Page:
Frequently Asked Questions - FAQ
What does "IYPT" stand for?
"IYPT" stands for "International Young Physicists' Tournament". It is a team-oriented competition for secondary school students, sometimes also referred to as the "Physics World Cup".
How do I pronounce "IYPT"?
As usual for acronyms, "IYPT" is pronounced letter by letter: I - Y - P - T. IPA: [a? wa? pi: ti:]
How can I participate in the IYPT?
Since the IYPT is a World Cup you must first contact the person responsible for Young Physicists' Tournament in your country. (See List of IOC Members.) Most countries have some sort of qualification tournament. If there is no such person (i.e. your country has never participated in the IYPT before) you should contact the IYPT officials for further information.
Who can participate in the IYPT?
Each country may be represented by one team, consisting of five high school (secondary school) students. The participation of university students is not allowed. Each team is accompanied by one or two teamleaders.
Is it possible for single students to participate in the IYPT
No, that is not possibe. The IYPT is a team-oriented competition. Teams must consist of three to five students.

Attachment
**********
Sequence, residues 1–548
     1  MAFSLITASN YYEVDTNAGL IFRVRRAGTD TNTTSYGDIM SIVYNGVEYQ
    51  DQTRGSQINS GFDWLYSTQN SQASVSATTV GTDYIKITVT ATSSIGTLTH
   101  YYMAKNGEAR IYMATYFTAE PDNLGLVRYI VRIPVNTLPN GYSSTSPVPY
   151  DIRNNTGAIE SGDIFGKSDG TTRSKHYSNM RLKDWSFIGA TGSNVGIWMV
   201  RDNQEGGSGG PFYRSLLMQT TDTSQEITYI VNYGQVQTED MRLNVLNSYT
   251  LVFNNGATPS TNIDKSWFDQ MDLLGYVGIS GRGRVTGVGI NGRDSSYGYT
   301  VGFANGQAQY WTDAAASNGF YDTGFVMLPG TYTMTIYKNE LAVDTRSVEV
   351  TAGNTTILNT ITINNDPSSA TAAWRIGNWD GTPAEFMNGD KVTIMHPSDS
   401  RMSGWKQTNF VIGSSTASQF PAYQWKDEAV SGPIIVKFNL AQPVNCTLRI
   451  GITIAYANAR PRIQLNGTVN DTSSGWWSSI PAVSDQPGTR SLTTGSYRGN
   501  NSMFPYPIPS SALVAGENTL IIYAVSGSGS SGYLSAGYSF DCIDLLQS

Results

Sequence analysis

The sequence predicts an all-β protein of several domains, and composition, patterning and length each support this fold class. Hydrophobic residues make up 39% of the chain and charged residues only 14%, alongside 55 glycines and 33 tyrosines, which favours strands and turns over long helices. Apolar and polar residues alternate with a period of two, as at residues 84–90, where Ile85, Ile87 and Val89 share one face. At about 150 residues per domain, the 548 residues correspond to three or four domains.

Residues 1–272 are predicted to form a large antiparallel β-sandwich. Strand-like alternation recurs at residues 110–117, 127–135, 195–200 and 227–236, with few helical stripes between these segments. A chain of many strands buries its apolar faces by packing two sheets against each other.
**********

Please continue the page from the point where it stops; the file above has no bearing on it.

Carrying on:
Who formulates the problems for the IYPT?
The problems are formulated by the International Organizing Committee (IOC). Each participating country suggests possible problems. The IOC then chooses from this pool of problems, maybe rewording them partially. The IOC takes care that not all the problems come from the same fields of physics.
What kind of resources may be used by the students during the IYPT?
Generally speaking, all kinds of resources are allowed. It is customary for the teams to use things like pocket calculators, dictionaries, laptops, literature, notes, etc. Everything is allowed. The only thing which is explicitly forbidden is the communication between the students and non-participants during the fights.
Which means of presentation will be present at the IYPT?
It depends on what the Local Organizing Committee can provide. Authoritative information can only be obtained by the LOC. Usual means of presentation are data-projectors ("beamers"), sometimes also overhead projectors and blackboards.
Why are there always exactly 17 problems?
An experienced IOC member once explained it in the following way: "Well,... You see, 16 would be too few, but 18 would be too many."